Separating Children from Parents Is it legal under US law? Under international law?

  It’s become clear that the zero-tolerance policy of the current administration began with a memorandum issued by Attorney General Jefferson Sessions this past April 6th (to clarify the memorandum he issued on April 11th, 2017, about “the prioritization of the prosecution of certain criminal immigration offenses”) has a direct result of separating children from their parents. In fact, there’s no limit to the age of the children given the evidence that nursing mothers have had their infants taken from their arms, with no hope of seeing them again. The mental and physical health risks of such actions are enormous […]

The Loss of 1,500 Kids in ICE Custody in 2017

In 1997, the administration of former President George W. Bush entered into a settlement agreement to address the problems that caused a lawsuit against Immigration and Customs Enforcement (“ICE”). The “Flores Agreement” of 1997 became law when most of the provisions were included in Federal regulations. The “Flores Agreement” and regulations required that ICE officials detaining unaccompanied children (“UAC”) who entered the US without a parent or guardian provide 1) food and drinking water, 2) medical assistance in emergencies, 3) toilets and sinks, 4) adequate temperature control and ventilation, 5) adequate supervision to protect minors from others, and 6) separation […]

The Baker and the Colorado Civil Rights Commission Supreme Court decision is more LGBT-friendly than it seems

On June 4th, 2018, the US Supreme Court issued a decision in the case of Masterpiece Cakeshop, et al. v. Colorado Civil Rights Commission, et al. The case involves the 2012 decision by the Colorado Civil Rights Commission (“CCRC”) finding that the bakery had violated Colorado law in denying a request by a gay male couple to prepare a wedding cake for their reception. The couple was getting married in Massachusetts because, in 2012, same-sex marriage was not legal, and they wanted to have a nice reception in the Colorado town where they lived. Indeed, Justice Kennedy, the author of […]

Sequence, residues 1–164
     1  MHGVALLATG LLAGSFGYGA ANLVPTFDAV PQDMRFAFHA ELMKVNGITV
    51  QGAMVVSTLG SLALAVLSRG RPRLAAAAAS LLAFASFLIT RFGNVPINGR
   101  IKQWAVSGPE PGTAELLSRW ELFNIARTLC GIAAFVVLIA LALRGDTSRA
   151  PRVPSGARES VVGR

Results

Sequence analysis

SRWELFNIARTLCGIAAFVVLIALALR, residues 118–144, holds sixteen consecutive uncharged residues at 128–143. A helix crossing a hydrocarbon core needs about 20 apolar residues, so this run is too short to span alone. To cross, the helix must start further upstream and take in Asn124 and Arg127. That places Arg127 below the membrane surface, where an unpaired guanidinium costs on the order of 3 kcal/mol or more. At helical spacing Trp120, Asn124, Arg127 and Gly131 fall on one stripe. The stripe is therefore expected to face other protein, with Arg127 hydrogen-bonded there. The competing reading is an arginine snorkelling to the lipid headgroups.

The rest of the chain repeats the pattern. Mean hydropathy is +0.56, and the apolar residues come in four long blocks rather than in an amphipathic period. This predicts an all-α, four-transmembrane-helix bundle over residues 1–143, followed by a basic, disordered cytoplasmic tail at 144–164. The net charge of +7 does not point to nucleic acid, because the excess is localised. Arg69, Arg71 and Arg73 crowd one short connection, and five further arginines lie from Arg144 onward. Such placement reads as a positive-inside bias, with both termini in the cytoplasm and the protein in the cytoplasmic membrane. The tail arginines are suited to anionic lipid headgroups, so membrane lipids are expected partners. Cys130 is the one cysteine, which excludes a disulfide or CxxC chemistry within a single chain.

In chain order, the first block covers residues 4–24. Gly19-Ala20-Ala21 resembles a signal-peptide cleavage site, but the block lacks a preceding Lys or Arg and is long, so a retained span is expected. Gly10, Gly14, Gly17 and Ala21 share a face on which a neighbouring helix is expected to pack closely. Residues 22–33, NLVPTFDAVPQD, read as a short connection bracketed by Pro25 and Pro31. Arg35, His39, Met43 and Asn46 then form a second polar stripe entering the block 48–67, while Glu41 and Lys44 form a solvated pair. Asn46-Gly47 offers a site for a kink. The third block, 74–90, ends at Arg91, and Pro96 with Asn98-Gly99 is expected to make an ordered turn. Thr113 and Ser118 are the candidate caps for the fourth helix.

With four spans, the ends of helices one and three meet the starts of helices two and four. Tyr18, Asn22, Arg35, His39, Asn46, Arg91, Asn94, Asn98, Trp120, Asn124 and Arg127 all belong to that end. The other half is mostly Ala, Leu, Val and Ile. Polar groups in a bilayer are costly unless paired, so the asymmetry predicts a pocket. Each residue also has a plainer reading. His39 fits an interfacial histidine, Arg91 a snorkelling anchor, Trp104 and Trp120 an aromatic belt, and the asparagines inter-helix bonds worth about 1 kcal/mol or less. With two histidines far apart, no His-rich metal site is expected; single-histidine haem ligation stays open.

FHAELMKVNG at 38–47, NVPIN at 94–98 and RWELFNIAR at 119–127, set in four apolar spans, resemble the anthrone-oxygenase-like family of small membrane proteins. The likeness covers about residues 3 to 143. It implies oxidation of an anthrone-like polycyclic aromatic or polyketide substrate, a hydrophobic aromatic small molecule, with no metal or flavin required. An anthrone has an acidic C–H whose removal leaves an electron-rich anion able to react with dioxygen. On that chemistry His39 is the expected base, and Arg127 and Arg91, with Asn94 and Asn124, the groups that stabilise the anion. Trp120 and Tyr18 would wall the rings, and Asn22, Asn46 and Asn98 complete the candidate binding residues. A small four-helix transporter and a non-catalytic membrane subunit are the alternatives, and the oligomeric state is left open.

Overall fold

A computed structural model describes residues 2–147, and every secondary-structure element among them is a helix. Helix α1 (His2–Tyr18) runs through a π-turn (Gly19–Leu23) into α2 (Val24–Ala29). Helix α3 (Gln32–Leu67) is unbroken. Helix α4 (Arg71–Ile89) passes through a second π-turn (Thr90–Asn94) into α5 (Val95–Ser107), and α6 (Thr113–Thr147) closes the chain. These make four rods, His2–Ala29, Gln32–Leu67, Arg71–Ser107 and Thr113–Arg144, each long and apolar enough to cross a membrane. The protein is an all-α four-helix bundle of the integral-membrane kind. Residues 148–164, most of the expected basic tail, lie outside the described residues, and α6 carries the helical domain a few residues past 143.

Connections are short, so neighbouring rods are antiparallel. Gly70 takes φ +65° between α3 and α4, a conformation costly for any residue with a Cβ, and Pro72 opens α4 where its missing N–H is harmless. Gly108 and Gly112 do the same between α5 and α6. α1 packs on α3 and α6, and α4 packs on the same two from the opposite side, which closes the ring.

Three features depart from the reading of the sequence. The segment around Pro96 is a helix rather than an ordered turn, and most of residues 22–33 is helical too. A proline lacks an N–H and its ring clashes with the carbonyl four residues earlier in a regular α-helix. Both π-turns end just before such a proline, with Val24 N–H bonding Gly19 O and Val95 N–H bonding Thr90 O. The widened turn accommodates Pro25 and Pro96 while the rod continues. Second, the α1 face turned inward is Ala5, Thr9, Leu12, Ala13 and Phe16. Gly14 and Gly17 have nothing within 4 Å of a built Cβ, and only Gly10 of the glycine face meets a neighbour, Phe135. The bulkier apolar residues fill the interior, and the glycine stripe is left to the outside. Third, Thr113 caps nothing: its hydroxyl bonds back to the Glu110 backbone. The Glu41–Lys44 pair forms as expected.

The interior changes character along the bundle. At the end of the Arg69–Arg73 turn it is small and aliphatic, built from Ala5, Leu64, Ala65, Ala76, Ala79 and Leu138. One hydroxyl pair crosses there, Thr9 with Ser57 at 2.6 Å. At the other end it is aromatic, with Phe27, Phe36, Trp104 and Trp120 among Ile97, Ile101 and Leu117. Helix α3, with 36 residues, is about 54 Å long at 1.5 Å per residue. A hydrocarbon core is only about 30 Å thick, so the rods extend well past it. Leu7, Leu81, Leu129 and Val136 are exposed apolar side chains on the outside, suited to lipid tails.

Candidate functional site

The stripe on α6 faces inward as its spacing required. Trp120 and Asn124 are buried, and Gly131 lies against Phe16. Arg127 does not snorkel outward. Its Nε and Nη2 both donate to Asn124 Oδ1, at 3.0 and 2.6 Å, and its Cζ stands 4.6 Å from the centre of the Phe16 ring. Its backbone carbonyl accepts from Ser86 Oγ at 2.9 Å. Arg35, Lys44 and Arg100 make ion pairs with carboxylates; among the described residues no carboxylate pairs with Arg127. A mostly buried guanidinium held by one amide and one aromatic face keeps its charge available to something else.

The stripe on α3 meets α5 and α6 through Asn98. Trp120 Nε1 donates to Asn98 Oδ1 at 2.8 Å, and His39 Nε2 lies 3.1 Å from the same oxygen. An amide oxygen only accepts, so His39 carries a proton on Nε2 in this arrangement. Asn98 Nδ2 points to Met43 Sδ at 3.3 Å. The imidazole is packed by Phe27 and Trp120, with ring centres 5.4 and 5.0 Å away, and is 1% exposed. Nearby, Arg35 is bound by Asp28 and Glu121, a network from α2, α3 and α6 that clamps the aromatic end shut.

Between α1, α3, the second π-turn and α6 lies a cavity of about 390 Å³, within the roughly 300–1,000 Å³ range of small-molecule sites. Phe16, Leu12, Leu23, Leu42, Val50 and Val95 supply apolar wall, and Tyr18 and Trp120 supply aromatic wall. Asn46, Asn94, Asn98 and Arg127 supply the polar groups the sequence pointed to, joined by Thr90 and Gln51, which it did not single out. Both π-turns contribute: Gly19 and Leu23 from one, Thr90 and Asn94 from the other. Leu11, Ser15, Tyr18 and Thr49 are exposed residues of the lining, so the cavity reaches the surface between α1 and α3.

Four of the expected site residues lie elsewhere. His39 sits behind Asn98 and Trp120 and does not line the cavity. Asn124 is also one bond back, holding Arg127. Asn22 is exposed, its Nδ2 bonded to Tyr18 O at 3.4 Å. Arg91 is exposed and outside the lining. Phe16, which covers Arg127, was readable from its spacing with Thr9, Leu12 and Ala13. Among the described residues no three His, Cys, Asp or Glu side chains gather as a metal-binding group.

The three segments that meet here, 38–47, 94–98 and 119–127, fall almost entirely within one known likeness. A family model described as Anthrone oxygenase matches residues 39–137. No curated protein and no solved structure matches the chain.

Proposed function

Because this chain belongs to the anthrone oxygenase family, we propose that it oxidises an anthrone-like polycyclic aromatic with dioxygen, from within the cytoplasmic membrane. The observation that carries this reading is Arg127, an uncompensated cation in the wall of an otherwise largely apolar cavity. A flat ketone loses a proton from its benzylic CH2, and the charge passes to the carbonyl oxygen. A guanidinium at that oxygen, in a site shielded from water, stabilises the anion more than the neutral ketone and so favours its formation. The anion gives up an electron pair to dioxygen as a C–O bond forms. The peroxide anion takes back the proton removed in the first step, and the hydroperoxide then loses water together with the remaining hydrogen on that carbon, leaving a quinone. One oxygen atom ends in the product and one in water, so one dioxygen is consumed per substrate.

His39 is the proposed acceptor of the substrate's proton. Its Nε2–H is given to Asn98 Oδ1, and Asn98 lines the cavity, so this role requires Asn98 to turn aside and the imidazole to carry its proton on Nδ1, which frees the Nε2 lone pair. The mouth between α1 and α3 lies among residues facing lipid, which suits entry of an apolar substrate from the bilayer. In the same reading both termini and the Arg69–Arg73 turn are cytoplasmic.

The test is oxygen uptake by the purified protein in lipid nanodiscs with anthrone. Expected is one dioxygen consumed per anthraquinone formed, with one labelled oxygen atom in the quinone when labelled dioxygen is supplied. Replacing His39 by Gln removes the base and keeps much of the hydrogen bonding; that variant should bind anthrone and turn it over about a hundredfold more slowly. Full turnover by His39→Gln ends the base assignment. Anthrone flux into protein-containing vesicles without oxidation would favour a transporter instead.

Travel in the Trump Era

The Supreme Court is set to hear oral arguments sometime this spring on the Ninth Circuit Court of Appeals decision, which the federal government had appealed in the summer of 2017. The Supreme Court held off on hearing arguments in the fall of 2017 because it wanted to see what would happen with the case before the Fourth Circuit Court of Appeals, with the hope that it could resolve all of the issues with one decision. On this past February 15th, the Fourth Circuit Court of Appeals issued a published decision in the case of International Refugee Assistance Project v. […]